As you look to the future when considering your estate planning, one element to keep in mind is the administration process left to your loved ones in Michigan. Part of that may be the potential for estate taxes.
The thought that after working throughout your life to accrue assets for the benefit of your potential heirs only to lose a good portion of it to taxes may be extremely disheartening. Fortunately, with the right plan in place, those you leave behind may be able to mitigate your estate’s tax liability (or potentially avoid it altogether).
The federal estate tax exemption
First off, you should know that Michigan does not impose either an estate or an inheritance tax on its residents. This means that the only potential tax liability your estate may face comes from the federal level. The federal government offers an estate tax exemption, with the exemption threshold amount reset annually. According to the Internal Revenue Service, the threshold amount for 2021 is $11.7 million.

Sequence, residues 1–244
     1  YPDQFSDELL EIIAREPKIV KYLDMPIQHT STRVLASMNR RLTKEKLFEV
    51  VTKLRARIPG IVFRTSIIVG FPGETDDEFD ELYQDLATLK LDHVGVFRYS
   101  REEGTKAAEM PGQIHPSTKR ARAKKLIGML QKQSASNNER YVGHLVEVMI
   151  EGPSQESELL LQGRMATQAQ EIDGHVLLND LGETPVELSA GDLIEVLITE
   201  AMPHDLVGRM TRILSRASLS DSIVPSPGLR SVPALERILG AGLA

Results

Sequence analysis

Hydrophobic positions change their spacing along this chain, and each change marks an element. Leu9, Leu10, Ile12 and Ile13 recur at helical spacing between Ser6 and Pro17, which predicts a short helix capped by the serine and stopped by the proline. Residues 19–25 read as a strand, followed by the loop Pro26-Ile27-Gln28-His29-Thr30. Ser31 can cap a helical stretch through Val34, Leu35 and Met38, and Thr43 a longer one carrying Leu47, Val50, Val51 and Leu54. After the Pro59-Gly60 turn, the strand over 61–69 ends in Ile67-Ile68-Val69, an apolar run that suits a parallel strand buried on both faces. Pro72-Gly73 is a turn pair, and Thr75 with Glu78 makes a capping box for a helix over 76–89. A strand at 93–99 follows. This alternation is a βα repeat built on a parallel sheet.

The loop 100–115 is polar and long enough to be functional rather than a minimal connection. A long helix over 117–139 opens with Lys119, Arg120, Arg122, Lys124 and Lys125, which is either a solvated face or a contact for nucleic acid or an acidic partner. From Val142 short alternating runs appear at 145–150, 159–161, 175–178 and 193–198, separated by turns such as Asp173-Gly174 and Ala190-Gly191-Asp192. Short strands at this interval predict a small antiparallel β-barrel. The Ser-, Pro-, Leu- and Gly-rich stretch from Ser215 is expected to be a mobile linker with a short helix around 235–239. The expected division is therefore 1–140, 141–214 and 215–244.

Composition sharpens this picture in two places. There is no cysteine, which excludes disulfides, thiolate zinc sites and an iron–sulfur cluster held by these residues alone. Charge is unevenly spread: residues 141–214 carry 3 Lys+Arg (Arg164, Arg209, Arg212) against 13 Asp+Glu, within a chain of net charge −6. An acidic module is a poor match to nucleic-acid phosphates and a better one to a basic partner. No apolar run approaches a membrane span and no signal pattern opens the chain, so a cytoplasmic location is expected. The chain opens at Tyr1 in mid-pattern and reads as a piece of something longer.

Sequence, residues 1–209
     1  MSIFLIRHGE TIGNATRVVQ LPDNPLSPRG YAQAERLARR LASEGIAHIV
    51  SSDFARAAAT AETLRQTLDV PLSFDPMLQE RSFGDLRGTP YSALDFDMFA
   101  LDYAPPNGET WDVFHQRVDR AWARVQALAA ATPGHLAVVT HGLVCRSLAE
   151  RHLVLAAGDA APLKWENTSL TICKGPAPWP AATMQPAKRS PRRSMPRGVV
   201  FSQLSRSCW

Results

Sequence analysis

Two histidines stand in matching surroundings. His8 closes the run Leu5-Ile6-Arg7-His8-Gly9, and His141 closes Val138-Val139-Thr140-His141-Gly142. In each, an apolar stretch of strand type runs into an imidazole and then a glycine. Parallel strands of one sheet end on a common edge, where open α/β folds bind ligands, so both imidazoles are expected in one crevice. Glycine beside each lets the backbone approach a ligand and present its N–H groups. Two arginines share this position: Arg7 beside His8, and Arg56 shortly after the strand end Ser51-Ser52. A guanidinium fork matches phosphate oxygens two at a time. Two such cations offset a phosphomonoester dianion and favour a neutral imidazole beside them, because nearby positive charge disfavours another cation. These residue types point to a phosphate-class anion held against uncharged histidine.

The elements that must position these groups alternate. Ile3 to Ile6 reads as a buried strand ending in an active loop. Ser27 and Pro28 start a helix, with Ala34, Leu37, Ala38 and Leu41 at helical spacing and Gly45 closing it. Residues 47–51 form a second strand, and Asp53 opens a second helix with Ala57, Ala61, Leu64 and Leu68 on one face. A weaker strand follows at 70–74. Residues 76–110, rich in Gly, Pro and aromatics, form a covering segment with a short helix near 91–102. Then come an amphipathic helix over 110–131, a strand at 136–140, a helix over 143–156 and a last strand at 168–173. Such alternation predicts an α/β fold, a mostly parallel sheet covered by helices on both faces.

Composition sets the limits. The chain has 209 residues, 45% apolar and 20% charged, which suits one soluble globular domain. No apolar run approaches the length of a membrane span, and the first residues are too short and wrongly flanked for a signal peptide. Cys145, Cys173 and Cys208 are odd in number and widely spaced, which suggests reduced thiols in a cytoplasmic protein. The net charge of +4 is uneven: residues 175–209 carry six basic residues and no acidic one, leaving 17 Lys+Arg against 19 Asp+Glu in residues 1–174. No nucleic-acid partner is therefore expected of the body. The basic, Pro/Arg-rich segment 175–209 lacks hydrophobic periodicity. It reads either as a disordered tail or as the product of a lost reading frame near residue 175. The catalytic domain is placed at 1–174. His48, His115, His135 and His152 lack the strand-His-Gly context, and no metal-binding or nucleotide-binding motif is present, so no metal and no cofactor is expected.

You may structure a plan that could potentially double that amount. Estate tax portability allows you to share your exemption amount with your spouse.
Estate tax portability
Here is how: the unlimited marital deduction allows you to transfer an unlimited amount to your spouse free from taxes. Thus, should you leave your entire estate to your spouse, that amount will not be subject to tax. This preserves your entire estate tax exemption.
Your spouse can then claim that exemption amount (and combine it with their own) by filing an estate tax return within nine months of your death. That allows you to jointly protect as much as $ 23.4 million from taxes for your beneficiaries.